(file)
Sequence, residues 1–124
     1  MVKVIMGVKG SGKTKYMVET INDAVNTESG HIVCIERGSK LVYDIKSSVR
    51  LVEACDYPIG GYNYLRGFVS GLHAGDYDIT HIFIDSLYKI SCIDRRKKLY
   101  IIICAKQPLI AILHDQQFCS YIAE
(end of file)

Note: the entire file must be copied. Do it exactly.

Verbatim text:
Sequence, residues 1–124
     1  MVKVIMGVKG SGKTKYMVET INDAVNTESG HIVCIERGSK LVYDIKSSVR
    51  LVEACDYPIG GYNYLRGFVS GLHAGDYDIT HIFIDSLYKI SCIDRRKKLY
   101  IIICAKQPLI AILHDQQFCS YIAE